The Birdsville Track is full of waterholes, ruins, colourful history and extreme stories! But they’re sooo easy to miss!
I’m not joking! I lived in Birdsville for 7 years, running the Big Red Café and Blue Poles Gallery. So many times travellers said, ‘I’ve wanted to see the Birdsville Track all my life and it’s nothing but rocks and dust!’
That’s not true! The Birdsville Track is an amazing place with mind-boggling stories and bizarre facts about Aboriginal culture, Afghan cameleers, explorers, settlers, the unique ecology and today’s locals.
But they’re hidden! You can speed by the waterholes and ruins without realising they’re there. And the only way you’ll hear the extreme stories is by reading a shelfload of books or listening to the Birdsville Track Audio Tour.
You’ve just spent a fortune getting to the Birdsville Track. So don’t spent your savings travelling all the way to the desert in high hopes, and then miss it!
I have a passion for the Birdsville Track. I love hearing the crazy, heart-wrenching stories and mingling with outback characters. I’m intrigued by the weird, wonderful ways of desert plants and animals and the way hot water just spurts from the ground!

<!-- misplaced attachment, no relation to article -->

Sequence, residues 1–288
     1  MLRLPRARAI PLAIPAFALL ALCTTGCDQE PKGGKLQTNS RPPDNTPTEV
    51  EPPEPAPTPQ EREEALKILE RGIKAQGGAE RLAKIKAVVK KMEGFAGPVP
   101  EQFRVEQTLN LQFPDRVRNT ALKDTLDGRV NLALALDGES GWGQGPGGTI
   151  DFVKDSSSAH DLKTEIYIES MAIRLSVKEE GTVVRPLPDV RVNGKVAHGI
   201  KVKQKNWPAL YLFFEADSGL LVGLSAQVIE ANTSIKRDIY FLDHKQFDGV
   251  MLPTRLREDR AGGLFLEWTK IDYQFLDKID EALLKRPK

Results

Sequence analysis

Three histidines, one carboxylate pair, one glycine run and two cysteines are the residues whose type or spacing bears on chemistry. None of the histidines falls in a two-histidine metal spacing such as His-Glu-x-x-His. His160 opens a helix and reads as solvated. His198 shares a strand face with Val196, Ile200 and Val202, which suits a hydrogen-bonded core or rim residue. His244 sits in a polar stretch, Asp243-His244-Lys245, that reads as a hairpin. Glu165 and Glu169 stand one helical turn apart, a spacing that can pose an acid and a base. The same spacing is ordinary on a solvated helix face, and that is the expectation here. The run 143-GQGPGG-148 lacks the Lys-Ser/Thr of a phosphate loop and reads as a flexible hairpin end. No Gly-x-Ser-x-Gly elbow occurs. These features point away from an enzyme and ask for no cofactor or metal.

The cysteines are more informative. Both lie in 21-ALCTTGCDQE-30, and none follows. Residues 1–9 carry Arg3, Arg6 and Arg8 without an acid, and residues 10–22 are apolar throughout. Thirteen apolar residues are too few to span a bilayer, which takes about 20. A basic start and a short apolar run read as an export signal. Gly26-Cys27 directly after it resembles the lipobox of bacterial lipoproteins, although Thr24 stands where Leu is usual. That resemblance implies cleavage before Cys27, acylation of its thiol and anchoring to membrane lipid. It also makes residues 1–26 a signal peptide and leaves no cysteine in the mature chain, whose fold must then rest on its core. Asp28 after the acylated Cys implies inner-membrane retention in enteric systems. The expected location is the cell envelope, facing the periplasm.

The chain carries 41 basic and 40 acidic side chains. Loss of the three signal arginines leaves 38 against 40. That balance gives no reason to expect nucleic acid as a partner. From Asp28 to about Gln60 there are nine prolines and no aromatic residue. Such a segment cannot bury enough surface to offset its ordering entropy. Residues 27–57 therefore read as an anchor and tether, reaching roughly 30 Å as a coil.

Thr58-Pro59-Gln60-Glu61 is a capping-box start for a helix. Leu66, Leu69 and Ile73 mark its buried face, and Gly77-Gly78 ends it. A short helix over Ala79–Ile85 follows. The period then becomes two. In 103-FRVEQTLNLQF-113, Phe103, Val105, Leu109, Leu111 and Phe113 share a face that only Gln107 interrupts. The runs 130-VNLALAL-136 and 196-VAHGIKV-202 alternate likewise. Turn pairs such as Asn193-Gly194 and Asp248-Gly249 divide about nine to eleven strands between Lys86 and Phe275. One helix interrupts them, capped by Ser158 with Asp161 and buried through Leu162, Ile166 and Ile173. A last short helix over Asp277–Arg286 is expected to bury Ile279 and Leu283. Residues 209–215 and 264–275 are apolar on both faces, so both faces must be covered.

I want to share that with you.
Here’s what you’ll get with the Birdsville Track Audio Tour:
- A double CD, or mp3 files that you can download immediately after purchase
- Forty-five audio tracks – over two hours of play time to entertain you on your trip!
- A map to show you where to play each track
- Local people explaining what it’s really like to live in a remote area
- Extreme stories about explorers and local characters
- Birdsville Track history – the goss on local Aboriginal groups (Dieri, Arunda, Kokatha), Afghans and white settlers
- Descriptions of how Lake Eyre, the Great Artesian Basin, the Simpson Desert, and gibber were formed
- And that’s the tip of the iceberg!
Unfortunately I haven’t finished it yet. I under-estimated the work involved in research, writing, interviewing, narrating, recording, mixing in over 200 sound effects, adding music, and production. The good news I’m half way through the mixing. The bad news is I don’t know when it’ll be finished. But if you’re interested, please subscribe to the mailing list or email me.